Pooches unleashed: Amherst opens long-awaited dog park

  • Bob Eisenstein and his dog Tammy were the first to enter the Amherst Dog Park at its opening last week. STAFF PHOTO/CAROL LOLLIS

  • Bob Eisenstein and his dog Tammy were the first to enter the Amherst dog park at the opening on Wednesday morning. STAFF PHOTO/CAROL LOLLIS

  • Salsa sits with Tone Brundin, and takes in the scene of the newly opened dog park in Amherst at the grand opening on Wednesday morning. STAFF PHOTO/CAROL LOLLIS

Staff Writer
Monday, August 08, 2022

AMHERST — Moments after a red ribbon was cut to officially open the Amherst Dog Park, Bob Eisenstein of Pelham walked Tammy, his pit bull terrier mix, through its entrance, where she became the first canine to enjoy the large expanse of grass and pea stone in the fenced-in area.

“We’ve been waiting for this for years,” said Eisenstein, who has typically taken Tammy to a more distant dog park in Belchertown or used the conservation trails in his hometown, where she has to stay on a leash.

“It’s so nice for these dogs to get out for exercise and run around together,” Eisenstein said, as Tammy sprinted alongside other dogs. “They really need the opportunity to run around free.”

On the other side of the site in a more compact area reserved for small dogs, those under 30 pounds, Sydney, a 7-month-old Tibetan terrier, crouched next to rocks, as her owner, Diane McNamara of Amherst, took in the scene.

“This is convenient because it’s so close,” McNamara said. “On a lazy day when I don’t have time to drive, this will be a great place to socialize my dog.”

“It’s healthy for her to be in an environment with other dogs,” McNamara said.

A number of dogs and their owners came out for the July 27 opening of the two-acre site on Old Belchertown Road, which will be open daily from dawn to dusk. The dog park, which features benches for humans, watering stations for the dogs and shade structures for all, and has a series of rules and regulations posted on signs at the entrance and a small kiosk, was a concept that began when a petition signed by more than 100 residents was submitted to town officials in 2015. That prompted a community meeting with advocates for the dog park, followed by the creation of a Dog Park Task Force in 2017.

Jim Pistrang, who chaired the task force, said the group of dog lovers met 30 times to develop and review the plans for the site. He thanked town officials for finding the town-owned land, part of a capped landfill, and carving out space for the dog park and its 18 parking spaces. Pistrang cut the ribbon alongside vice chairman Ted Diamond, before posing for photos with other members of the committee and town officials.

The remaining 45 acres of the capped landfill is to be left in a natural state as its serves as the habitat for the endangered grasshopper sparrow.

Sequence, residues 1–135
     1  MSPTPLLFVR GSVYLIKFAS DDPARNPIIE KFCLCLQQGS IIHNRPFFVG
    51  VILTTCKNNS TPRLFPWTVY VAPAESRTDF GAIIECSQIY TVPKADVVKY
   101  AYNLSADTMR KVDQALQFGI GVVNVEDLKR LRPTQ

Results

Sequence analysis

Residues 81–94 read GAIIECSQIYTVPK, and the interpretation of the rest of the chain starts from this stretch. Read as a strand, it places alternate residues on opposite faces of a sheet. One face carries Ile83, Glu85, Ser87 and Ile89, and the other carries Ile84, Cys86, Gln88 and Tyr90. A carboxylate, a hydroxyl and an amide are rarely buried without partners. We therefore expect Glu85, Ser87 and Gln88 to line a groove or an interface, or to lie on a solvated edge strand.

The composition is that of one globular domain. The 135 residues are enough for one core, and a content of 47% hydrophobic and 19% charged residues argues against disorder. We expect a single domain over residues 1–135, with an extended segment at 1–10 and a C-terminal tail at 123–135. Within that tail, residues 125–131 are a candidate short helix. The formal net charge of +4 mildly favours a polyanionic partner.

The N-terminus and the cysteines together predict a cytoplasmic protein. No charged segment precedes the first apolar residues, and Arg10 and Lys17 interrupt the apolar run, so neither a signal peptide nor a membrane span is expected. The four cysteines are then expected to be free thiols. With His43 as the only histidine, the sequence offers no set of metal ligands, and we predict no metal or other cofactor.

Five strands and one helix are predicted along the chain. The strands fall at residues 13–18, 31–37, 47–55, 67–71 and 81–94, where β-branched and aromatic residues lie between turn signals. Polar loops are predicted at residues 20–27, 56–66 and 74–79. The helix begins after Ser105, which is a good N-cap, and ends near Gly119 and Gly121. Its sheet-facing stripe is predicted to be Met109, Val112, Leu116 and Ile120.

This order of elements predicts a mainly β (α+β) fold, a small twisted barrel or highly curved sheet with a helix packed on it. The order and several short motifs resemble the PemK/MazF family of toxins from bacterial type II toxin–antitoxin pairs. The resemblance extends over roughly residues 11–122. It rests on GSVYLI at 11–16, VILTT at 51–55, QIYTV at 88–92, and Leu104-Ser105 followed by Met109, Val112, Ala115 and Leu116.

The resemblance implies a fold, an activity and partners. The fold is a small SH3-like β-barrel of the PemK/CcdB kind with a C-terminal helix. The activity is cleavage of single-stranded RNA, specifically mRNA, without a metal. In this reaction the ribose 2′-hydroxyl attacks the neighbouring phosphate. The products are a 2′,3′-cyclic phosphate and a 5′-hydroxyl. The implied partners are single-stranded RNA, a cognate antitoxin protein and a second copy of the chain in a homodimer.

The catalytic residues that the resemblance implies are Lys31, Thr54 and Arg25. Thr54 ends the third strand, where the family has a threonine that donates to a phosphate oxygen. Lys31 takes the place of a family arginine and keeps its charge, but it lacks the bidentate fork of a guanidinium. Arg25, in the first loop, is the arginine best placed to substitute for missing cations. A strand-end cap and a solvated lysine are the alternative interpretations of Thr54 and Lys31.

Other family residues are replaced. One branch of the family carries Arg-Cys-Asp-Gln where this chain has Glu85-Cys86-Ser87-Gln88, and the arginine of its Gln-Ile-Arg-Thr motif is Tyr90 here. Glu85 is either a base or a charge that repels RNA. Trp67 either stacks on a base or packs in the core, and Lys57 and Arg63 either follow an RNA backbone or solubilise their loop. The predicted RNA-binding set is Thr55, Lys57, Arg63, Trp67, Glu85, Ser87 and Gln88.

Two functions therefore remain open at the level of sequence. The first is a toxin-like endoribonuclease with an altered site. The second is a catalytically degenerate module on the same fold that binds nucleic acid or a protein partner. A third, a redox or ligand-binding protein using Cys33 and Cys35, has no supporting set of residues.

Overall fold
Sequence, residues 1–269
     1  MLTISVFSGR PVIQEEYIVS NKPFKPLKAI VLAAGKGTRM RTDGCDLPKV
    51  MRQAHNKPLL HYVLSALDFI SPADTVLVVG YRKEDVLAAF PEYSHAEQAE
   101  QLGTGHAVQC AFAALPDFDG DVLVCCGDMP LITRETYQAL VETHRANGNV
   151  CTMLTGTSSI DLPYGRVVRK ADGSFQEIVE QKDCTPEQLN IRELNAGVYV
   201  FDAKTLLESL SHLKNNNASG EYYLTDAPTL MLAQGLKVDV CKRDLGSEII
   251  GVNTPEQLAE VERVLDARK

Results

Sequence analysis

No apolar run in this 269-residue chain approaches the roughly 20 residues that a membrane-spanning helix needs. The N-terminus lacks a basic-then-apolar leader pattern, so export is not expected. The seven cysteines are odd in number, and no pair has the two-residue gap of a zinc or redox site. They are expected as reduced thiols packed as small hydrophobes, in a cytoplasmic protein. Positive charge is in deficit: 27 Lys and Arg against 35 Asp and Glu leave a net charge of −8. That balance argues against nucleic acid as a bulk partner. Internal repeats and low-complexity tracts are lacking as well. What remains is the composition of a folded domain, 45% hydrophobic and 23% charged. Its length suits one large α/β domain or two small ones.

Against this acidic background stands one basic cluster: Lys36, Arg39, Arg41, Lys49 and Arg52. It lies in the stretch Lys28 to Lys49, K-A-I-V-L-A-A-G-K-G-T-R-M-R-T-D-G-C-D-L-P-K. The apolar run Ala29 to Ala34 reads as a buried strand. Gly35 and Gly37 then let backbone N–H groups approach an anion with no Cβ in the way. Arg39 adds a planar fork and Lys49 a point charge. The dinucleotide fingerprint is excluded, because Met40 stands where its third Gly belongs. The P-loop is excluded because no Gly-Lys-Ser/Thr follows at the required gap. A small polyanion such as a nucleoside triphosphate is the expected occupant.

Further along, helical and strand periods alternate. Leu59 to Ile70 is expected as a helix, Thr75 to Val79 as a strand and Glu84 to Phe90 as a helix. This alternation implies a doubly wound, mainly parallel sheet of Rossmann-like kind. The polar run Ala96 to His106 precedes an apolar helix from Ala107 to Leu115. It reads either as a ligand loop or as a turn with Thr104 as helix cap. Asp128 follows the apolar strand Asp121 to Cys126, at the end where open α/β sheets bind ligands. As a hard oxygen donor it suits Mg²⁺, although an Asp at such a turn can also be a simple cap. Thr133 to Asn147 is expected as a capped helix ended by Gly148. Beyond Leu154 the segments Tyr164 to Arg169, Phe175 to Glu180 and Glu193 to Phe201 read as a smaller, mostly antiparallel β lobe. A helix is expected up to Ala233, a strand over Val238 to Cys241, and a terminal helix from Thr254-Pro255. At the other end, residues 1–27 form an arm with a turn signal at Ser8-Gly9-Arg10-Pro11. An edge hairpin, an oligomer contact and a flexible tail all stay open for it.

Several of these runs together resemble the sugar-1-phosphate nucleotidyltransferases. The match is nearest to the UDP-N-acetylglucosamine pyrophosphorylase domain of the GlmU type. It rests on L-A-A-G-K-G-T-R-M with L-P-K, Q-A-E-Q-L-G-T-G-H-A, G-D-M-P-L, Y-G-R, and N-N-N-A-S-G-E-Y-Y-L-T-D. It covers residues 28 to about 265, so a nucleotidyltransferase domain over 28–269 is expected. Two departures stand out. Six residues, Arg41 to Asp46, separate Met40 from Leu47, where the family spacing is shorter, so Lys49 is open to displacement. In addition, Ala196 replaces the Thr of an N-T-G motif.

The town provided Community Preservation Act money for site and design preparation, and a design grant came from the Stanton Foundation, a private Massachusetts organization dedicated to canine welfare. Berkshire Design Group of Northampton then designed the park, which was built, at a cost of around $300,000, using another grant from Stanton.

District 5 Councilor Ana Devlin Gauthier, who was formerly on the task force, reflected on the success. “This dog park represents years of effort from this community,” Devlin Gauthier said.

She also joked about her advocacy.

“Without this committee, I would not have been able to stand up at the last Town Meeting and answer questions about dog poop,” Devlin Gauthier said.

Town Manager Paul Bockelman credited Assistant Town Manager David Ziomek and Town Engineer Jason Skeels for their role in the dog park construction.

Animal Welfare Officer Carol Hepburn was also on the task force. Hepburn said she feels it will be good for the town and should reduce conflicts between hikers and dogs being walked that sometimes arise in conservation areas.

“I hope it’s going to alleviate some of the problems we encounter on the trails,” Hepburn said. The site is also ideal for people with mobility issues.

The costs of maintenance are expected to be minimal, and the Department of Public Works will be taking care of the site.

A Friends of the Amherst Dog Park group is being formed to assist with governance of the park, and people can sign up for the mailing list by contacting bbushouse@gmail.com. Those interested in joining the group can also send an email to friends@amherstdogpark.org.

Kaitlyn Hawley of Russell brought Winter, a female corgi. Hawley said she may use the dog park on occasion because her mother works in Amherst. Winter, she notes, loves being off leash, and in the company of other dogs.

“We want to get her more comfortable playing with other dogs,” Hawley said.

Freckles, an Australian shepherd rescue, was brought by Maura Siano of Amherst, who was joined by her children, Helena, a second grader, and Johnny, a fourth grader, though the family left Marble, a collie mix, at home.

Helena was impressed by what she saw Freckles do. “Now he can run 100 mph,” Helena said.

“Dogs get to run around and play with each other now that we have a dog park,” Johnny said.

Siano said the proximity to their home has made her family excited for the dog park’s opening.

“We’ve watched with anticipation the last two years,” Siano said. “We’re so happy to have a place where dogs can run and get quality exercise off leash.”